|The Bike Doc
Joined: 08 May 2003
Location: Corpus Christi and Warda, Texas
|Posted: Mon Jan 26, 2004 6:06 am GMT +0000 Post subject:
A well conditioned athlete should experience a return to a normal heart rate withing several minutes (usually <30 minutes) after completing an intense interval. Factors that can cause an athlete to have a sustained elevated heart rate include over-training or under-training , dehydration, a concurent illness, medications (cold remedies with decongestants, diuretics) an abnormal heart rhythm that leads to sustained abnormally high heart rates.
Look at your training program, if you are putting in too many high intensity days nor more than 2 per week and are not allowing yourself rest and recovery days, you are going to push up your baseline heart rate and at the same time find it heart to sustain high intensity at your max heart rate. If you are undertrained and crank up the intensity of your work outs too quickly you will also find your heart rate staying up more.
Make sure you drink plenty during your work outs as well as on your off days. Even in the cooler weather, you can still loose a quart an hour of water through sweat and your breath.
We are in the cold and flu season. If you have symptoms of a viral illness, ease off on the training, allow your body time to rest and recooperate. If you are taking a cold or flu medication with a decongestant in it (eg. pseudoephedrine) or an herbal remedy with Mahuang or Ephedra these can elevate your heart rate as well as your blood pressure. I would not recommend taking these medications or herbal remedies.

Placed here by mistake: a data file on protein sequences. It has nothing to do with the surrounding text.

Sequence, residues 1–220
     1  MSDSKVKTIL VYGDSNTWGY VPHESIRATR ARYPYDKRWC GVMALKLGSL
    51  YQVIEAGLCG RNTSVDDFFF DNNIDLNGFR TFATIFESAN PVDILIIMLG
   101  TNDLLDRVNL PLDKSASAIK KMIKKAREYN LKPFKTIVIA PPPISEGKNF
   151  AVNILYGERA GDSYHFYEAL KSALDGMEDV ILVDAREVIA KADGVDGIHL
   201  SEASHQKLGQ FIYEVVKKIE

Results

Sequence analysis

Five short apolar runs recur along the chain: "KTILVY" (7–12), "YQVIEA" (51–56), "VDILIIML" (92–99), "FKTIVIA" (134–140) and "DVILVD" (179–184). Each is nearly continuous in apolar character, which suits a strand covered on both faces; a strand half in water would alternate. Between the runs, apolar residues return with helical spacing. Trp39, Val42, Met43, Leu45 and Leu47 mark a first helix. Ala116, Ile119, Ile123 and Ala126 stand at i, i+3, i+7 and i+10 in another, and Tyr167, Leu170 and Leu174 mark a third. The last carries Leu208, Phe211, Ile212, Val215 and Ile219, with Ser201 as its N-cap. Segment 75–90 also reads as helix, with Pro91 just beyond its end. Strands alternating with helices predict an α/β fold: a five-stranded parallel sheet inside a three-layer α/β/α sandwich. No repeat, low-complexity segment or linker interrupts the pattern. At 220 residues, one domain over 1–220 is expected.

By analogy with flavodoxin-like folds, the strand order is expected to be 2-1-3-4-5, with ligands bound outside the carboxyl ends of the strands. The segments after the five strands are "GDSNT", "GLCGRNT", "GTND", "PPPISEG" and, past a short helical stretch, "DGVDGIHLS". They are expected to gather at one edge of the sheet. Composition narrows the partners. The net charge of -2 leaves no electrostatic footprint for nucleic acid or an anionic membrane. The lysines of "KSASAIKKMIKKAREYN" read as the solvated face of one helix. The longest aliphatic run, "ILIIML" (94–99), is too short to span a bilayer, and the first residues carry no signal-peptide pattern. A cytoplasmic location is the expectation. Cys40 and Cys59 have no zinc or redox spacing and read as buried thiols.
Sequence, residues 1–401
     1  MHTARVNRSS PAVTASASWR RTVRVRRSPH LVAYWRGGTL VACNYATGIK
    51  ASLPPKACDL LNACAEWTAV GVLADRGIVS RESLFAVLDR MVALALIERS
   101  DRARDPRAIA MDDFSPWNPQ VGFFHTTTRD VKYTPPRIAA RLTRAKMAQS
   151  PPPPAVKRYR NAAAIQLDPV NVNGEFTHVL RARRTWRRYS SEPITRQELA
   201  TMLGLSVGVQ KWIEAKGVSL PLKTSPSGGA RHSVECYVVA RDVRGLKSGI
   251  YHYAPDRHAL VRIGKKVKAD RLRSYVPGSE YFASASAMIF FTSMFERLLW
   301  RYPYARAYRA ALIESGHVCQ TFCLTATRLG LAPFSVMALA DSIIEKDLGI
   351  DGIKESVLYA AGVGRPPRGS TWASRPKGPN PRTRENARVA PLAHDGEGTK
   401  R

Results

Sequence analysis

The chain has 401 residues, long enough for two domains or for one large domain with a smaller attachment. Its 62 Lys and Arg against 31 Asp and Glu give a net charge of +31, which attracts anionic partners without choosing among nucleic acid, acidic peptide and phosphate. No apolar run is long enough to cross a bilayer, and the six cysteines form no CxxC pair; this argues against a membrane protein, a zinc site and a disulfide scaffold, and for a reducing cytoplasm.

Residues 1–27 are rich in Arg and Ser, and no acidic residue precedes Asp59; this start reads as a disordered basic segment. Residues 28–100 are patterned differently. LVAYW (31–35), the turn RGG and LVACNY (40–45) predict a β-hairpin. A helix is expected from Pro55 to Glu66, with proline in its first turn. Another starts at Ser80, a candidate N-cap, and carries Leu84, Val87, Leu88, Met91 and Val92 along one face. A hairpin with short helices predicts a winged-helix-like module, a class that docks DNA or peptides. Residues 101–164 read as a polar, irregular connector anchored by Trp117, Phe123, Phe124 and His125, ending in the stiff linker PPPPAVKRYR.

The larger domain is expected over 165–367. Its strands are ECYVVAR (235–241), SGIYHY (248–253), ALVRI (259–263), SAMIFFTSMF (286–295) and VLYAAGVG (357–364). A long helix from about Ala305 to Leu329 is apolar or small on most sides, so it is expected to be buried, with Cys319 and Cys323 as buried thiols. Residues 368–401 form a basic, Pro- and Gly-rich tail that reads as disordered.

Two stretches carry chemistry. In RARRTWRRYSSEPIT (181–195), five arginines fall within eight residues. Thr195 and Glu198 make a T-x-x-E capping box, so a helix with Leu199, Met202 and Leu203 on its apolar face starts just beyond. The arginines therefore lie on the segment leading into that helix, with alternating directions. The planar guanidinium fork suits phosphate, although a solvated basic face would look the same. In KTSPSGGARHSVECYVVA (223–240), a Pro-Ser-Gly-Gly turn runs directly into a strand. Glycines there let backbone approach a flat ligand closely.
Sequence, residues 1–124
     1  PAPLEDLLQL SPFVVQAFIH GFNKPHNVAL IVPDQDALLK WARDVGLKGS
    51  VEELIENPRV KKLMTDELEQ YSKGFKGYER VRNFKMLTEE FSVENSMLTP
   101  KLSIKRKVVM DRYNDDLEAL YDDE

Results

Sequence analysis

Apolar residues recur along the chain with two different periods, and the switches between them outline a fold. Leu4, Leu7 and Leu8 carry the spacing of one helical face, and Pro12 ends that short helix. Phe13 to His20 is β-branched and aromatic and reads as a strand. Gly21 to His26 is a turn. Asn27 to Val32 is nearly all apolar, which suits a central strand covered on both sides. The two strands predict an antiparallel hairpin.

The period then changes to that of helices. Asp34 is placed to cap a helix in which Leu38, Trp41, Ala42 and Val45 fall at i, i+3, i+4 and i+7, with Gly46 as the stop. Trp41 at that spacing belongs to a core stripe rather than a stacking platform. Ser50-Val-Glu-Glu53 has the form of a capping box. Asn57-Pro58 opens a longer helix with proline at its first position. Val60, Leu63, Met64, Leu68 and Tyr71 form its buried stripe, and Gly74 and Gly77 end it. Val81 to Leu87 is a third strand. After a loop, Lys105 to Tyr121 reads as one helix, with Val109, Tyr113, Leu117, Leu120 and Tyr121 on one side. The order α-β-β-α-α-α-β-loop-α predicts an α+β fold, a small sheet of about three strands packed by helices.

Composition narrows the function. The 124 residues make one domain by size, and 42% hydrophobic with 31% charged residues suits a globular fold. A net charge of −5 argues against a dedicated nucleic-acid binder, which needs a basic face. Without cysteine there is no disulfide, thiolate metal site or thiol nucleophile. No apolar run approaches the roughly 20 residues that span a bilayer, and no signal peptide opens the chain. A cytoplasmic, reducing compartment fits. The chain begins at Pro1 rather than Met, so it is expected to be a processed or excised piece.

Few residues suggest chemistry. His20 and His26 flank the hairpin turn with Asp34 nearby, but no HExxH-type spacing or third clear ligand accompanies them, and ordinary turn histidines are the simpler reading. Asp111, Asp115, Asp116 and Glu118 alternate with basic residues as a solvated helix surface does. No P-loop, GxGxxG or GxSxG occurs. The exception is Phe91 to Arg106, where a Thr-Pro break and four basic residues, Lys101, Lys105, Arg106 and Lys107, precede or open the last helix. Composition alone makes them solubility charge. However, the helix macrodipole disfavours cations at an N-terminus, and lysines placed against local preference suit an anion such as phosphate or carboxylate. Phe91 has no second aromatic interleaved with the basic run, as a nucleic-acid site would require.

Certain prescription asthma medications, the broncho dialators such as albuterol, metaproterenol, salmeterol, famoterol, or over the counter epineprhine (Primatine Mist) can raise your heart rate. If you are on prescription asthma medication do not stop it, but talk to your doctor about your heart rate and asthma symptoms. Discuss ways you can improve your asthma control without having to rely as heavily on the broncho dilators.
If you have an extremely elevated heart rate especially if is associated with chest pain, get an immediate medical evaluation. Abnormally rapid heart rates can be potenitally life threatening and require evaluation by a competent cardiologist.
In in any event, do not hesitate to be examend by a competent physician to review your concerns and discuss your symptoms to help develop an effective plan of action for you.
Paul K. Nolan, MD
AKA: The Bike Doc